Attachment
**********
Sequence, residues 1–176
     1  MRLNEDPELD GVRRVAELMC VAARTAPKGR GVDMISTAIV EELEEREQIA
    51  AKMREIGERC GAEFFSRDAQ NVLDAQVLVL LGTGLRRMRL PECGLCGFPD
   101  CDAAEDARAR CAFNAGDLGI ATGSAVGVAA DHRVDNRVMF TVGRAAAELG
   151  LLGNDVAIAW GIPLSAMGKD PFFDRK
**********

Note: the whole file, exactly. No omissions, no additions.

Sequence, residues 1–176
     1  MRLNEDPELD GVRRVAELMC VAARTAPKGR GVDMISTAIV EELEEREQIA
    51  AKMREIGERC GAEFFSRDAQ NVLDAQVLVL LGTGLRRMRL PECGLCGFPD
   101  CDAAEDARAR CAFNAGDLGI ATGSAVGVAA DHRVDNRVMF TVGRAAAELG
   151  LLGNDVAIAW GIPLSAMGKD PFFDRK